Berlin smartphone bank N26 granted European licence

New arrival on Germany’s banking scene comes as Deutsche Bank struggles to map out its future

A woman walking in front of a branch of Germany’s Deutsche Bank in Cologne. Photograph: Reuters/Wolfgang Rattay

A woman walking in front of a branch of Germany’s Deutsche Bank in Cologne. Photograph: Reuters/Wolfgang Rattay

 

Berlin’s smartphone bank N26 has been granted a European banking licence, giving it a lead in a looming shake-up of financial services across Europe.

The new arrival on Germany’s banking scene comes as financial giant Deutsche Bank struggles to map out its future, and plans to split its investment and retail operations.

While that banking Goliath stumbles, the market David has attracted 200,000 customers with its virtual banking model.

The Berlin start-up, previously known as Number 26, lacked a licence which meant it was dependent on third-party companies to offer banking services.

Already operating in six European countries, its full banking license permits it to expand further with savings, investment and credit products, as well as innovations N26 founders are confident will leave bricks-and-mortar banks – and their online offerings – in their dust.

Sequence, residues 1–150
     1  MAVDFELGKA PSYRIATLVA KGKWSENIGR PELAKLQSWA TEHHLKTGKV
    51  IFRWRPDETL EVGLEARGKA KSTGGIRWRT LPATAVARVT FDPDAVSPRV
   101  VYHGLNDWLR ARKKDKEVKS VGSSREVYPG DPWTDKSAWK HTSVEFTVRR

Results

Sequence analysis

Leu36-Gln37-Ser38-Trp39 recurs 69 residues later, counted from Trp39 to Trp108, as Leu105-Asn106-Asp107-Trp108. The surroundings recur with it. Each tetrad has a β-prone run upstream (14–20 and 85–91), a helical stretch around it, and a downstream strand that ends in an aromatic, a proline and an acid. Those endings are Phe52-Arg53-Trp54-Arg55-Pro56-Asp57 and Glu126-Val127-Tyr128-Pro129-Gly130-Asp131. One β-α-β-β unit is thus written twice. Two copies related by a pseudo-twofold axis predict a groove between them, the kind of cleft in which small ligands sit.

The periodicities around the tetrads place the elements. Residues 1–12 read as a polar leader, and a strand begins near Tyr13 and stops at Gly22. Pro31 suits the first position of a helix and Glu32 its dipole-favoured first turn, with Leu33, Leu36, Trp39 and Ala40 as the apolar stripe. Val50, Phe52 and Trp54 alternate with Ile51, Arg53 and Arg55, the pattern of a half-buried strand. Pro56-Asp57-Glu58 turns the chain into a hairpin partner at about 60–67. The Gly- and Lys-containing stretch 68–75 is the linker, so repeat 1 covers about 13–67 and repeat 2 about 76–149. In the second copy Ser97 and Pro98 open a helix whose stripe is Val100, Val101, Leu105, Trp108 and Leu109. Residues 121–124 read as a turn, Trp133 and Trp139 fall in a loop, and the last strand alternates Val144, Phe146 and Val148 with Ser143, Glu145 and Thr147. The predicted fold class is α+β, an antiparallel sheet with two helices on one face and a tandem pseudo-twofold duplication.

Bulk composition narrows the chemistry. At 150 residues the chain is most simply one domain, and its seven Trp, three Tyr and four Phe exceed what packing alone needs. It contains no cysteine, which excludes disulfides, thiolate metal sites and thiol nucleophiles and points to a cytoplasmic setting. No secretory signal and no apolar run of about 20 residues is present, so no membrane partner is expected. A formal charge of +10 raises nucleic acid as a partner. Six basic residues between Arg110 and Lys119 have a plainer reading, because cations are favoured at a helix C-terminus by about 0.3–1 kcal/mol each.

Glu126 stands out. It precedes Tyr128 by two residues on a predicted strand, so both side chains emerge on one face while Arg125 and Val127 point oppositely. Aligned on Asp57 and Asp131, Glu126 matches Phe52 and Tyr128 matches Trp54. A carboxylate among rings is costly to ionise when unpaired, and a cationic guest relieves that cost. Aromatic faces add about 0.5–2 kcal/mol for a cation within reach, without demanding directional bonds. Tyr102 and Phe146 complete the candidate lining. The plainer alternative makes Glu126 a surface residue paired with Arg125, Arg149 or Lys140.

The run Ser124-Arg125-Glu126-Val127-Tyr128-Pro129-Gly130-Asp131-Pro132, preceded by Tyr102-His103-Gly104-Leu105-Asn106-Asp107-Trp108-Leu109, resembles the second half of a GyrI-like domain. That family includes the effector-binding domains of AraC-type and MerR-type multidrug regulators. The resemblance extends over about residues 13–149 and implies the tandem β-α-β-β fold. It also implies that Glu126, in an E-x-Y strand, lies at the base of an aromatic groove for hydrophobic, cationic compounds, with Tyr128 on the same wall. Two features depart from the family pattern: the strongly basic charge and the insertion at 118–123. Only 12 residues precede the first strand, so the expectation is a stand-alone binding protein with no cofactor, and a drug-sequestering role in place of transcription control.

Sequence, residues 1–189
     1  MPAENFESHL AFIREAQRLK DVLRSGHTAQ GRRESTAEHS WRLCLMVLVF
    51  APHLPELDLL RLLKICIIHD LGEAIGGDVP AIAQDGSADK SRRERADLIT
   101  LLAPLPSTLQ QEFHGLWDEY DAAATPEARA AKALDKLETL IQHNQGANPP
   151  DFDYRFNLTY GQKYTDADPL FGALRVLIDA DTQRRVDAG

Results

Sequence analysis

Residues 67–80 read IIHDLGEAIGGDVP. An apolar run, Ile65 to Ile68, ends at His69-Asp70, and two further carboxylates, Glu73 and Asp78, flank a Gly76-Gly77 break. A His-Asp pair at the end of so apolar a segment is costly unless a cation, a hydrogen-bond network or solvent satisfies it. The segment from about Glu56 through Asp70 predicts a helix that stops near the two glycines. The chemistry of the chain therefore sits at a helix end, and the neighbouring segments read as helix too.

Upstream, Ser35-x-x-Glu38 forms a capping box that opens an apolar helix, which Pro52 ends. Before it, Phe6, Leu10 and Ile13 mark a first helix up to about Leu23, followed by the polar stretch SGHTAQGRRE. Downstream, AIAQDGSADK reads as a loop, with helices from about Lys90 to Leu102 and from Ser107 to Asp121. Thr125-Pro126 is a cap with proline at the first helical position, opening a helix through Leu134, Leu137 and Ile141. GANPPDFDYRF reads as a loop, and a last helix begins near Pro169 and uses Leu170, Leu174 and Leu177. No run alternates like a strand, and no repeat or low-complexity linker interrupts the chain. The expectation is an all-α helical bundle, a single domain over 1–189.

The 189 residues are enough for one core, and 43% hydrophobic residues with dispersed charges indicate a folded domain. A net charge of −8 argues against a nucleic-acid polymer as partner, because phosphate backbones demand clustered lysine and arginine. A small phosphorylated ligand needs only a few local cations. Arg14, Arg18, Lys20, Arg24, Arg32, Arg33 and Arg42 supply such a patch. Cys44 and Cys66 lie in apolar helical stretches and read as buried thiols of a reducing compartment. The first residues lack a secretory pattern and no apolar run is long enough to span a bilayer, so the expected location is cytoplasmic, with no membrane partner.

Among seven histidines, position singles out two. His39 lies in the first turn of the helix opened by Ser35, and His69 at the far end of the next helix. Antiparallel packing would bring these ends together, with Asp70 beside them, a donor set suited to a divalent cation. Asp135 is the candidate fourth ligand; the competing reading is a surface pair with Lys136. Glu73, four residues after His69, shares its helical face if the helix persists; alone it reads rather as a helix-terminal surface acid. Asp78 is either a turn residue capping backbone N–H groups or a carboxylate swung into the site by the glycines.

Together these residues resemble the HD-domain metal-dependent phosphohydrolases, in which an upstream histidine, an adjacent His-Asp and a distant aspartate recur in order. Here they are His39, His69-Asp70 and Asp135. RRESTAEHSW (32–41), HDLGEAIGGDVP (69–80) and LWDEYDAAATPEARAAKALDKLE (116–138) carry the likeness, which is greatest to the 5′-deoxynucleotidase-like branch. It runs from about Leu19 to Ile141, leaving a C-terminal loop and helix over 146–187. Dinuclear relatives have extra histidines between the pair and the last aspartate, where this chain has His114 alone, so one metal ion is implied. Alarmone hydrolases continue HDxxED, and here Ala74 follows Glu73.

Customers

Valentin Stalf

“And we’re launching an investment product within the next few weeks, with savings, credit and insurance products within the next six to 12 months. Some will be our own products, most will be partnerships.”

As a new bank emerged on Thursday in Berlin, Frankfurt giant Deutsche Bank was grappling with fresh reports of the latest chapter in its identity crisis.

According to Manager Magazin, Germany’s largest bank is considering splitting itself into a lender focused on capital markets and another targeting retail and corporate clients.

Deutsche confirmed discussions but denied that this strategy, dubbed “Project Jade”, would be a full split, instead describing it as a an attempt to simplify its corporate structure.

Shelved plans

Postbank

Six years after buying it, Deutsche is anxious to get rid of Postbank but has apparently shelved plans.

In May, Deutsche Bank chief executive John Cryan acknowledged that floating Postbank was a challenge in the current market environment.

“We are either hoping for market recovery or are looking for a slightly more creative way to exit our position [in Postbank],” he said in May.

The bank has already scrapped plans to hive off, in one entity, Postbank and its own Deutsche retails branches for fears that a focus on investment banking would raise the bank’s risk profile with ratings agencies.